Though they don’t roil the oceans or anticipate the next wave, the leaders who can consistently position their organizations to capitalize on the changes in industry tides are valued and known for their ability to get results.

That leaves us with one more group to consider. The last 10% of the curve is made up of consultants who patiently wait for the 80%ers to reach the beach so they can tell them how to better handle the next wave.

All right, not really. The bottom 10% of the curve consists of managers who react quite differently from the other 90% of leaders. Unlike the picture of hope and triumph described above, the situation at this end of the curve is best described as “every man for himself.” When these managers are hit by a wave of marketplace change, they become focused on self preservation. Leaving their teams to fend for themselves, they tread water in a desperate attempt to keep afloat. Some are washed ashore. Others bob helplessly in the water watching colleagues and staff struggle to survive.

This could be a harsh indictment of individual character, or it could illustrate how people react when they fall victim to circumstance.

Maybe the “self-preservationists” are not naturally narcissistic but rather a product of organizational culture. Restrictive processes, antiquated systems, or a lack of decision-making authority could hinder their ability to lead effectively. It is also quite possible that the members of this group are merely mirroring the behavior of the managers positioned above them in their organizational hierarchy. If the leadership behavior at this end of the curve is largely determined by operating conditions, then it stands to reason that the same is true at all locations on the curve.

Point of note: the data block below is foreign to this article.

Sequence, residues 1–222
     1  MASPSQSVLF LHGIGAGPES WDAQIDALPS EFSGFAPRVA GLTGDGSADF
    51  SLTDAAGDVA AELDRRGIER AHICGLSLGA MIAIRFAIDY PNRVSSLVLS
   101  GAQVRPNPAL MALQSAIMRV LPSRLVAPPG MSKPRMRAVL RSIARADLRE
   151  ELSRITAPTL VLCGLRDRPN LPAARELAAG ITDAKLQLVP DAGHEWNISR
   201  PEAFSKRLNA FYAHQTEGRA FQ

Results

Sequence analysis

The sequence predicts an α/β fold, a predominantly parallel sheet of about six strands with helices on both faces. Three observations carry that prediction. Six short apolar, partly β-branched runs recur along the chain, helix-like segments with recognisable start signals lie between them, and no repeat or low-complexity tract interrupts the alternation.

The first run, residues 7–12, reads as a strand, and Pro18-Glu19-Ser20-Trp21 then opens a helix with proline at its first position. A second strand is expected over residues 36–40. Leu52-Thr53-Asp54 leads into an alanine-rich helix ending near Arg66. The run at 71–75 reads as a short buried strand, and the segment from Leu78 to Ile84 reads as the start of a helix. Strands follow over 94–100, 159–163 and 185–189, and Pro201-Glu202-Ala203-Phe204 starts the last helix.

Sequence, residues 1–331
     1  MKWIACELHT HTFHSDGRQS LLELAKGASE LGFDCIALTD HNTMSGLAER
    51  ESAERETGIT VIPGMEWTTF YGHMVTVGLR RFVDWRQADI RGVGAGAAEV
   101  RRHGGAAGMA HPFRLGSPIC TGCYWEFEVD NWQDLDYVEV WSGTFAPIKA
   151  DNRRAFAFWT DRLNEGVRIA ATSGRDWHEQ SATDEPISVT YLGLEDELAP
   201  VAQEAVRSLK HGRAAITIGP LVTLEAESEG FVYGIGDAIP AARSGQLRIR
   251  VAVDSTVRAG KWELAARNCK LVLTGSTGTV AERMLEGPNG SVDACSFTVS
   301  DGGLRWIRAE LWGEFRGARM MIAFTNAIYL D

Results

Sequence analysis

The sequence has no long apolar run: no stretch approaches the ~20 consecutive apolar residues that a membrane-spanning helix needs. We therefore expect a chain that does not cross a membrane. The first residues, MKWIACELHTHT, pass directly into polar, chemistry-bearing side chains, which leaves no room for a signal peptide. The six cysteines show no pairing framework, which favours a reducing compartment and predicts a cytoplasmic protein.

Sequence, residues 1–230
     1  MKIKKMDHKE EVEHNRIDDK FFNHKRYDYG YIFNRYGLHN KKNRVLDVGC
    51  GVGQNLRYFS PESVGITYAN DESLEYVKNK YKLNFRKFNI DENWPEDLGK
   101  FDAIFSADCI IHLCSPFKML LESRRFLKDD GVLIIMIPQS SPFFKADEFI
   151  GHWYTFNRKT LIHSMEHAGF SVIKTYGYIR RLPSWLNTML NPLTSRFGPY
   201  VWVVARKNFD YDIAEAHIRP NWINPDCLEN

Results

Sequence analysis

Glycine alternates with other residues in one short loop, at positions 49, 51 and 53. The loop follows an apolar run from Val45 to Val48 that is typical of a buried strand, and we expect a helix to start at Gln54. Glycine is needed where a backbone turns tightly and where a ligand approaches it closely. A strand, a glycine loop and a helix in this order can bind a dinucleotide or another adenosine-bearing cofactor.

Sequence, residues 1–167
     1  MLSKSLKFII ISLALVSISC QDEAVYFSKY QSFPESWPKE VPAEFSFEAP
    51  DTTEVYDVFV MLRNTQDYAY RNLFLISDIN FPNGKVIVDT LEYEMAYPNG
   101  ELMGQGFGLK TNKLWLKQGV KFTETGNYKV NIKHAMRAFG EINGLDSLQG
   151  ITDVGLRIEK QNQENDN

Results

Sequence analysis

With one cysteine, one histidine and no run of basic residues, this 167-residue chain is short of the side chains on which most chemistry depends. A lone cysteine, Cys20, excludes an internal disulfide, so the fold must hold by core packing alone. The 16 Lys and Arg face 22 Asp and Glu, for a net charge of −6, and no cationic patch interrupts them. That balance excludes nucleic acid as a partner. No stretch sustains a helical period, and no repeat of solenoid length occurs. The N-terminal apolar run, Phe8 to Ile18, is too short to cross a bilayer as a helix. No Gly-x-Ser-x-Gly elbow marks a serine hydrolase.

As was discussed in the Sources of Influence post last week, we have to be careful not to commit the Fundamental Attribution Error. A person’s actions are not always dictated by character or personal qualities. The environment and conditions under which a person is expected to perform can have a profound impact on behavior and results. This means that someone struggling to survive at the lower end of the bell curve in one organization could actually be a Leader, Visionary, or even a Superstar under more conducive circumstances. Conversely, a change in circumstances could render a Superstar or Visionary in one organization a washed out “self-preservationist” in another.

Committing the FAE can have a drastic effect on an organization’s health. For example, hiring a Superstar or Visionary is not an immediate elixir for economic woes nor is it a guarantee of innovative dominance. The skills and talents of Superstars and Visionaries will only produce results if the people and their ideas are planted in a nurturing environment. On the other end of the spectrum, how many people are fired because their poor performance was attributed to inherent qualities without any assessment of external factors?boats

Whether an organization creates, capitalizes on, or is capsized by marketplace change rests less on the caliber of people at the helm and more on the conditions of the boat they’re given to steer.

How has this played out in your organization’s reaction to the Recession?

How will it impact your organization’s ability to drive or prepare for economic recovery?